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New events at ‘Ridge to Reef Rendezvous’ will educate community on pono fishing practices

By Staff | Jul 16, 2015

At the “Ridge to Reef Rendezvous,” the public can meet scientists working to protect the ocean in West Maui and learn how to get involved in local environmental efforts.

KAANAPALI – This year’s “Ridge to Reef Rendezvous” on July 25 at Kahekili Beach Park will educate anglers and the community about pono fishing practices with two new activities: a catch-and-release Papio Fishing Tournament and Sanctuary Classic.

The Sanctuary Classic – a summer-long, fishing-themed photo competition – is intended to help share knowledge about safe and responsible fishing practices.

At the “Ridge to Reef Rendezvous,” keiki can play fun games to learn about sustainable fishing practices, and everyone can go on a reef tour, talk story with any of the organizations under the conservation hui tent and participate in the fishing tournament to put these lessons to practice.

The papio fishing tournament will have great prizes, and all entrants will have the opportunity to win additional prizes through a random drawing.

There will also be free giveaways of hats and T-shirts for those who arrive early enough (supplies are limited).

Check-in will be held at Kahekili Beach Park at 8 a.m. sharp, the tournament will run from 8:15 to 11 a.m., and awards will be presented at 11:30 a.m.

For more information, visit the Kaanapali Makai Watch Facebook page at www.facebook.com/KaanapaliMakaiWatch, e-mail KaanapaliMakaiWatch@gmail.com or call (808) 283-1631.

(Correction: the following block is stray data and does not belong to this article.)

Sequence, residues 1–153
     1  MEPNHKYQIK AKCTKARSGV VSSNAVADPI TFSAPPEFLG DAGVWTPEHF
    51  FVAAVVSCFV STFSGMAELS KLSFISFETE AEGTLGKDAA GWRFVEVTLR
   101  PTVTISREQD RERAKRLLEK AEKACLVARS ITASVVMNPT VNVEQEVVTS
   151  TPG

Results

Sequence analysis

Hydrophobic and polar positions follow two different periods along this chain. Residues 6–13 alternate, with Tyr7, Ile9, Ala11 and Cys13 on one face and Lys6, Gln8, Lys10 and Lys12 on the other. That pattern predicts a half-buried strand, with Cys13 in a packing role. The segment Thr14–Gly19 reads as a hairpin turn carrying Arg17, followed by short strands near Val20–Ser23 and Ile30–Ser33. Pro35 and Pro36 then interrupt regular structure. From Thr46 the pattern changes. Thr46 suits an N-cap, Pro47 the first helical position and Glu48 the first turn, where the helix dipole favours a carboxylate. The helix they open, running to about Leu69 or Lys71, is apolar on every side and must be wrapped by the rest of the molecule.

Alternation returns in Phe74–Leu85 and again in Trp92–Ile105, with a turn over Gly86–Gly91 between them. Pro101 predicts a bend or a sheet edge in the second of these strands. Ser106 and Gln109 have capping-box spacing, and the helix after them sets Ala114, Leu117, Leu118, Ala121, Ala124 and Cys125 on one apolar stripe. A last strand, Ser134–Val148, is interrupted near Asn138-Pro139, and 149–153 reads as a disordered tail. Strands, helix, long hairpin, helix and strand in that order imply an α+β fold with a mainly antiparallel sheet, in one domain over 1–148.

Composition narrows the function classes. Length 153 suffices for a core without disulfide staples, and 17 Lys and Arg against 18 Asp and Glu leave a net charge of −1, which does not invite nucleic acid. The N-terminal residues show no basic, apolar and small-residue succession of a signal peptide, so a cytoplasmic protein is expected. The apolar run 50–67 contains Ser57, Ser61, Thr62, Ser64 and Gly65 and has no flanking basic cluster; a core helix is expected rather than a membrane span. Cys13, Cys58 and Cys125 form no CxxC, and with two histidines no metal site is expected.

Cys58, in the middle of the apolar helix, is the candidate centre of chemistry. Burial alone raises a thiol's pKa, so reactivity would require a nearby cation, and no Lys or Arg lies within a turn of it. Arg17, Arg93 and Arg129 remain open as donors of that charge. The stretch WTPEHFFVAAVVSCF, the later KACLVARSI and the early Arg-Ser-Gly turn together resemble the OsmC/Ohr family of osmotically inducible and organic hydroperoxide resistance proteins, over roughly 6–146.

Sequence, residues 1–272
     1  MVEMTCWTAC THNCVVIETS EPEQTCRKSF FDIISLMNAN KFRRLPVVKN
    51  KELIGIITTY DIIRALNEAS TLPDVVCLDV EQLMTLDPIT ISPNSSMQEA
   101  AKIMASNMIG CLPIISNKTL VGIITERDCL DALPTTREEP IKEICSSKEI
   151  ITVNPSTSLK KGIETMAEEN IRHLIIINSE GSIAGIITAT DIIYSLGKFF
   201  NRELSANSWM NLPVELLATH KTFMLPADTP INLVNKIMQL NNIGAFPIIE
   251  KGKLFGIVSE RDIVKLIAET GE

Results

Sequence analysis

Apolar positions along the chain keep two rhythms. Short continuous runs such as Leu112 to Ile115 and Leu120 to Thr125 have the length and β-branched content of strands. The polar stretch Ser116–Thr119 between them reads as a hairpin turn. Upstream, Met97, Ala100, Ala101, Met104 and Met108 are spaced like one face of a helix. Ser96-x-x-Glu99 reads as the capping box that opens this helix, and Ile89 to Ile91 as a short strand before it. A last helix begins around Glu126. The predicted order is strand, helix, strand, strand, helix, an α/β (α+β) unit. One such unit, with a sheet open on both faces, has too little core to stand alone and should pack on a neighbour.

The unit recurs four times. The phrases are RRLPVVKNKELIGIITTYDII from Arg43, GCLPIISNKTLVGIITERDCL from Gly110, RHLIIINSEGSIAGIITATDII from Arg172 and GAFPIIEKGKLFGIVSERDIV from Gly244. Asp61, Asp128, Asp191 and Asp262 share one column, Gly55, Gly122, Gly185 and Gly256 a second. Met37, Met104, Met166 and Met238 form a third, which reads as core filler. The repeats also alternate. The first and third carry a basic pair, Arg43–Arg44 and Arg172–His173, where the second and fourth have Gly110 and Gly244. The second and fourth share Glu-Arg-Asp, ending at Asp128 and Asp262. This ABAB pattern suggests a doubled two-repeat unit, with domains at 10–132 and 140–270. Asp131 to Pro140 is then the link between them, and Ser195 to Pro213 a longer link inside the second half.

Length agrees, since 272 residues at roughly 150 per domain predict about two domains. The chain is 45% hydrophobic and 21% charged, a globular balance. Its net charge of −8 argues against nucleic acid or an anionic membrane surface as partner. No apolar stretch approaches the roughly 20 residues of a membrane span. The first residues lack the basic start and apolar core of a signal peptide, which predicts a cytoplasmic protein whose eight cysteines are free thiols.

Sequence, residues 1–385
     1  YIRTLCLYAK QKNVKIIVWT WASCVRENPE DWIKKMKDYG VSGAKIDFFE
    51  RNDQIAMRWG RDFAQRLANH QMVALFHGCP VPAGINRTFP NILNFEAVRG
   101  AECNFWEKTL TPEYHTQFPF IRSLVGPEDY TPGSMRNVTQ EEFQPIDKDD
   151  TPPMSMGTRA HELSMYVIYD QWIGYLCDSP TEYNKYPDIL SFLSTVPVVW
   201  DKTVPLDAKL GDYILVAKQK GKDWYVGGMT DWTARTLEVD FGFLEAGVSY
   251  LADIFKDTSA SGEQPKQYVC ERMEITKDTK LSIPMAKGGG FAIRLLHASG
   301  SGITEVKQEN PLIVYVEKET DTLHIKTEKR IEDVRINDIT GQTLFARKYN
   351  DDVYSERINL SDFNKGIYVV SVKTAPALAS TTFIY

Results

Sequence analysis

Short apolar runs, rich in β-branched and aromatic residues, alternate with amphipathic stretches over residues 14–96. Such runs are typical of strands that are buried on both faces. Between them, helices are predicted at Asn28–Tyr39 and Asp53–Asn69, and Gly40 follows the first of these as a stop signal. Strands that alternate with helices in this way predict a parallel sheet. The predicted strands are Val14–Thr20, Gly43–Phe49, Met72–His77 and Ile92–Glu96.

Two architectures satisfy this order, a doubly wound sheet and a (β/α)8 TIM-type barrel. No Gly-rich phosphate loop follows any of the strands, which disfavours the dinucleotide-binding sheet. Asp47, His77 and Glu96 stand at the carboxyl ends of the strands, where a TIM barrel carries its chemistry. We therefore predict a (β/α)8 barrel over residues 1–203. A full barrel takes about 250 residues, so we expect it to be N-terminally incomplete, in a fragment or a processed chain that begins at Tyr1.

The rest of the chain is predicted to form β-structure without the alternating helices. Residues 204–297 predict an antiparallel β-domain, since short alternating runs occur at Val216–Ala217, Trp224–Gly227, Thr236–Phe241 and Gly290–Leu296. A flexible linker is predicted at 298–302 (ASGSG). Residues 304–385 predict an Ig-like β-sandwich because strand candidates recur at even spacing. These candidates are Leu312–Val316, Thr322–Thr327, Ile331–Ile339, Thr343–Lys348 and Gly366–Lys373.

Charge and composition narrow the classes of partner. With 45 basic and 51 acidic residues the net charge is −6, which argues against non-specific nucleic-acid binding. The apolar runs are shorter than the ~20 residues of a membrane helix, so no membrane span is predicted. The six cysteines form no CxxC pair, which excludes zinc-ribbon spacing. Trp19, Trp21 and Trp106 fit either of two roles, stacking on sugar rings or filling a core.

Kahekili Beach Park (Old Airport Beach) in North Kaanapali exists within a watershed where an extensive array of federal, state and local agencies and conservation groups are working together to find effective ways to reduce land-based impacts to reefs.

According to Kaanapali Makai Watch, this particular reef has had a history of overwhelming limu (algae, or seaweed) growth fueled by land-based pollution carrying nutrients such as nitrogen, which essentially serves as fertilizer, to the reef.

Efforts are being made on land to control runoff through the West Maui Ridge to Reef Initiative, while the state Division of Aquatic Resources (DAR) is focusing its energy to control the harmful algal growth that occurs on the reef through fisheries management.

Their strategy is simple: let the herbivores do all the work.

Herbivores, or exclusively limu-eaters, play an important role in keeping algal growth under control. This management strategy in its entirety is to protect the reef from the impacts of land-based pollution and overfishing pressure.

The Kahekili Herbivore Fisheries Management Area (KHMFA) was launched in 2009. Under KHFMA rules, it is illegal to take any herbivorous species, such as parrotfishes (uhu), surgeonfishes (kole or manini), rudderfishes (nenue or chubs) and urchins (wana), and fish feeding is prohibited.

Fishing for other species, like papio, is allowed and encouraged, however.

According to Kaanapali Makai Watch, in its six-year existence, the KHFMA has shown an increase in the amount of surgeonfishes, parrotfishes and crustose coralline algae that is important for cementing the reef and creating a landing pad for new coral to settle, and the coral decline has leveled off.

Efforts appear to be working, but resource managers are quick to point out that this area is still in its early stages. In order for the KHFMA to meet its goal – improve the reef’s health – community support, awareness and compliance with its rules are critical.